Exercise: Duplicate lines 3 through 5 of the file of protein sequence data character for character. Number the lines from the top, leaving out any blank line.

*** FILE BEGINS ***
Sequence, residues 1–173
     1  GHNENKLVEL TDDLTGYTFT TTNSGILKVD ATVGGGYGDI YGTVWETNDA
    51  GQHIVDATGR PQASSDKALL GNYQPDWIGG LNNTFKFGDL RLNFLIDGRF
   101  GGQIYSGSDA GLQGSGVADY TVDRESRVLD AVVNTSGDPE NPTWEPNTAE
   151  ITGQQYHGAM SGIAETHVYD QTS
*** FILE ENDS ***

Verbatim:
    51  GQHIVDATGR PQASSDKALL GNYQPDWIGG LNNTFKFGDL RLNFLIDGRF
   101  GGQIYSGSDA GLQGSGVADY TVDRESRVLD AVVNTSGDPE NPTWEPNTAE
   151  ITGQQYHGAM SGIAETHVYD QTS